DT Fred Robbins again looked stout inside, attacking the guards and centers and collapsing the pocket.  Robbins is simply mauling blockers in the inside and allowing his LBs to flow to the ball.  Backup and increasingly vital DL cog Jay Alford, looked quick off the snap again.

MLB Chase Blackburn was very active in the running game, racking up 5 tackles and showing again his ability to find the football quickly.  SLB Bryan Kehl was given the start but did nothing in my opinion worth mentioning.  Did I just mention him anyway?  Well I did not intend to, so I would like that remark stricken from the record.

Film Room Rewind: FRR will be in full swing next week after the season opener, but I wanted to make a quick note on Brandon Jacobs’ 19 yard run in the first quarter.  The blocking was of course great for #27 to have such a big hole to run through, but Jacobs’ ability to change direction is what jumped off the screen to me.  Being a former WR and TE in my Al Bundy high school days, one thing our coaches stressed (yes I know, it was High School) when changing directions was keeping your head over your feet when making a cut.  For any player trying to change direction, you have to sink your hips, bend at the knees and be able to explode in another direction.  That’s an awful lot to remember as you run at full speed so the “Meat over Feet” rule was one we lived by.  A little crass I suppose but it’s easiest way to both remember and describe the technique needed to change direction quickly.

Jacobs started straight towards the A gap, made a jump cut to the right to angle off tackle, then flattened out farther right once he passed the LOS to avoid SS Rodney Harrison.  He then cut back inside left to avoid RCB Fernando Bryant (who was blocked out of the play by Domenik Hixon) then dipped back to the sidelines to get a few more yards being tripped up by S James Sanders.  Each and every cut that Jacobs made enabled him to outrun or outmaneuver a defender and continue his run.  It was his very definitive technique of keeping his “meat over his feet” that enabled him to change direction without losing speed.  B-Jac has worked very hard to become more than a straight line power back and if that run is any indication, the work is paying off.  Any team watching that run has to be worried about how to contain a 265lb freight train with speed and new found cutting ability.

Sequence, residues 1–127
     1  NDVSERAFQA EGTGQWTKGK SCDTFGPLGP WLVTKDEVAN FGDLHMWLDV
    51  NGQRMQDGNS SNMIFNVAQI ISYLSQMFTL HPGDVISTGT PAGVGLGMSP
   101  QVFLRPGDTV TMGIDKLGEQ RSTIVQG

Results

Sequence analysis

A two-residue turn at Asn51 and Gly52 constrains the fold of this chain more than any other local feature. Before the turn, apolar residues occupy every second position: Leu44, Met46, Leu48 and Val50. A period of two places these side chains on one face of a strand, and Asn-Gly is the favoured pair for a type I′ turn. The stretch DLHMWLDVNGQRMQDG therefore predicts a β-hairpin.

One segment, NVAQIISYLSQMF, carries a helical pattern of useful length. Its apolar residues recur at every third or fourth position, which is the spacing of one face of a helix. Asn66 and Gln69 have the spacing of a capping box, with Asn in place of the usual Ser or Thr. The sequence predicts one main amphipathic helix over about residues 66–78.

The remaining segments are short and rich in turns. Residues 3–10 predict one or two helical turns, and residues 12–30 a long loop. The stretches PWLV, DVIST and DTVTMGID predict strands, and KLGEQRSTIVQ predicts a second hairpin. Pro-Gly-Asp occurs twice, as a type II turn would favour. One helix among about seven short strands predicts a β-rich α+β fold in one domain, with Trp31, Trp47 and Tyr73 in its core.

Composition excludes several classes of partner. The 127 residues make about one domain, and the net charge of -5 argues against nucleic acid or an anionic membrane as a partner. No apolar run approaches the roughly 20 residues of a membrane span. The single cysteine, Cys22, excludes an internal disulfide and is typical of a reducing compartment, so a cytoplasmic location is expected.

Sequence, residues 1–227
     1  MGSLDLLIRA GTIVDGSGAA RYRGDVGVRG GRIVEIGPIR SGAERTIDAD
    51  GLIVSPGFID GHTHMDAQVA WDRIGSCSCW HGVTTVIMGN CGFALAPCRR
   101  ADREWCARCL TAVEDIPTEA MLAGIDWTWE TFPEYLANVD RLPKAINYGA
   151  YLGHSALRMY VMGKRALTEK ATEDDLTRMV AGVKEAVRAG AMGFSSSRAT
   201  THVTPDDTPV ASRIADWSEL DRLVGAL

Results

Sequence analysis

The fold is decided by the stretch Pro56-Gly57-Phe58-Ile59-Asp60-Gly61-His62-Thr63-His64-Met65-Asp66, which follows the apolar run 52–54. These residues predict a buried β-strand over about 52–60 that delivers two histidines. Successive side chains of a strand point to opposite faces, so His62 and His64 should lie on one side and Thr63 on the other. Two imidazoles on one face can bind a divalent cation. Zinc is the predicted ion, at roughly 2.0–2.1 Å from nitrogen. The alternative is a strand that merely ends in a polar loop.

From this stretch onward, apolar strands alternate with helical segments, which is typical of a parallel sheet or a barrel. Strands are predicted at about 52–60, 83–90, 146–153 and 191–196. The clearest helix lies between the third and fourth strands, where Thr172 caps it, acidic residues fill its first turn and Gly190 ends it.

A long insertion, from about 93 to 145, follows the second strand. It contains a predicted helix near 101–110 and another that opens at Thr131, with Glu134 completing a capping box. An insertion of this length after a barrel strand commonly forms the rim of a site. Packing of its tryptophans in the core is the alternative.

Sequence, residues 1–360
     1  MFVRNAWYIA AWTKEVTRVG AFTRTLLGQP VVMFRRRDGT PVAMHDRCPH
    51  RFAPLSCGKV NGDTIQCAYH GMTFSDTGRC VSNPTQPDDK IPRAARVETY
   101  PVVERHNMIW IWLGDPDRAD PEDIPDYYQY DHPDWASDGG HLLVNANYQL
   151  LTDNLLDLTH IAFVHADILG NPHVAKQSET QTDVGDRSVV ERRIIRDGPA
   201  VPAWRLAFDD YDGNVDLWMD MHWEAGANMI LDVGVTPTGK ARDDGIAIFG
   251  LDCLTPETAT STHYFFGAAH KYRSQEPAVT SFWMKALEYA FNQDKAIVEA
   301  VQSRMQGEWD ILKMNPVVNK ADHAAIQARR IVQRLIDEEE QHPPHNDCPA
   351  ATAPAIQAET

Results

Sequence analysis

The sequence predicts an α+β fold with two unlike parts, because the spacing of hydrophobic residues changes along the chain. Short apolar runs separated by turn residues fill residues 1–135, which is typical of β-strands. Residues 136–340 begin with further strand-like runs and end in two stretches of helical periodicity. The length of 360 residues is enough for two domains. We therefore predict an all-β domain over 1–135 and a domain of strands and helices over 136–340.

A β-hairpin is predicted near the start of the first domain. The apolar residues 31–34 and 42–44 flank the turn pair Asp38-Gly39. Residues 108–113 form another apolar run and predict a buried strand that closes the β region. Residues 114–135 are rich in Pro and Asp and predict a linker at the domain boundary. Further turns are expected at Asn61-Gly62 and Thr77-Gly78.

Defensive Backs: Corey Webster made a great break on a 3rd down pass, stepping in front of the Matt Cassell pass to snuff out the Patriots first drive.  C-Web is threatening to make me eat my words when I proclaimed he would stink.  How is THAT for accurate, insightful analysis?  S James Butler made a great play separating WR Kelley Washington from the ball on a 3rd down play that snuffed out a Pats drive.  Fellow safety Michael Johnson jumped a dig (Deep In) route and nearly picked off QB Matt Gutierrez.  The new #20 has been quiet so far this preseason, but was far more active this week with 5 stops and one near INT.  R.W. McQuarters looked sloppy tackling on a few plays, but made up for it by picking off the Pats at the 2 yard line to preserve the first half shut out.

Special Teams: R.W. McQuarters looks so comfy catching punts, maybe he’s just sleepy and doesn’t want to make a big return yet.  7 yards per return isn’t exactly Devin Hester scary, but McQ’s job it seems is to just secure the ball for the offense, which he does very well.  The punt and kickoff coverage units continue to look shaky, surrendering a 44 yard KO return by C.J. Jones as well as allowing a 16 yard average on punt returns.  Not good boys, not good at all.  Cutting Tank Daniels will llikely just make this number go up, hopefully someone is ready to fill his shoes on specials.

Coaching: Allowing Eli Manning to sit out was Tom Coughlin’s wisest move all pre-season.  No sense in risking your franchise when nothing is on the line but some back up jobs.  As noted earlier, I have to commend WR coach Mike Sullivan on the improvement that Sinorice Moss and Domenik Hixon made in successive weeks after each dropped sure TD passes.  Moss and Hixon both came back the next week, on almost identical plays, made the correction and most importantly made the play.  A nod to QB coach Chris Palmer for noticeably improving David Carr’s pocket presence and understanding of the offense.  The former #1 pick has come a long long way this Summer.

JPog (Joey’s Player of the Game) - “Oooohh who’s Mr. Handsome?…is he a quarterback, I bet he’s a quarterback”.  Mrs. Joey’s new favorite Giant David Carr is our JPoG of the week for securing the backup job with a crisp 20-29 performance that evened the Giants pre-season record at 2-2.  Carr improved weekly, gaining confidence and erasing his bad pocket habits of holding the ball, running too soon and taking far too many sacks.  Carr stood tall in the pocket making quick decisions and delivering the ball with accuracy and zip.  You haven’t earned a custom jersey Dave, but I will be making an I Love David Carr T-shirt for Mrs. Joey complete with an iron on of your apparently irresistible mug.

JBog (Joey’s Bum of the Game) - I hate to do it Andre, but I have no choice.  Never in my life have I seen a coach yank a backup QB in the 4th quarter of the final preseason game and put back in his top backup who could have been injured.  Well, I saw it and I still don’t believe it.  Three snaps, two of them fumbled and one handoff.  That’s all you need to know about Woodson’s night which landed him on the cut list as the Giants are going to go with only two QBs to start the regular season.  Andre, enjoy your Mike Cherry replica jersey as a booby prize.

(Box Score – New England Patriots at New York Giants, August 28, 2008)
Print Friendly

BBI Guest Contributor

Sorry, the comment form is closed at this time.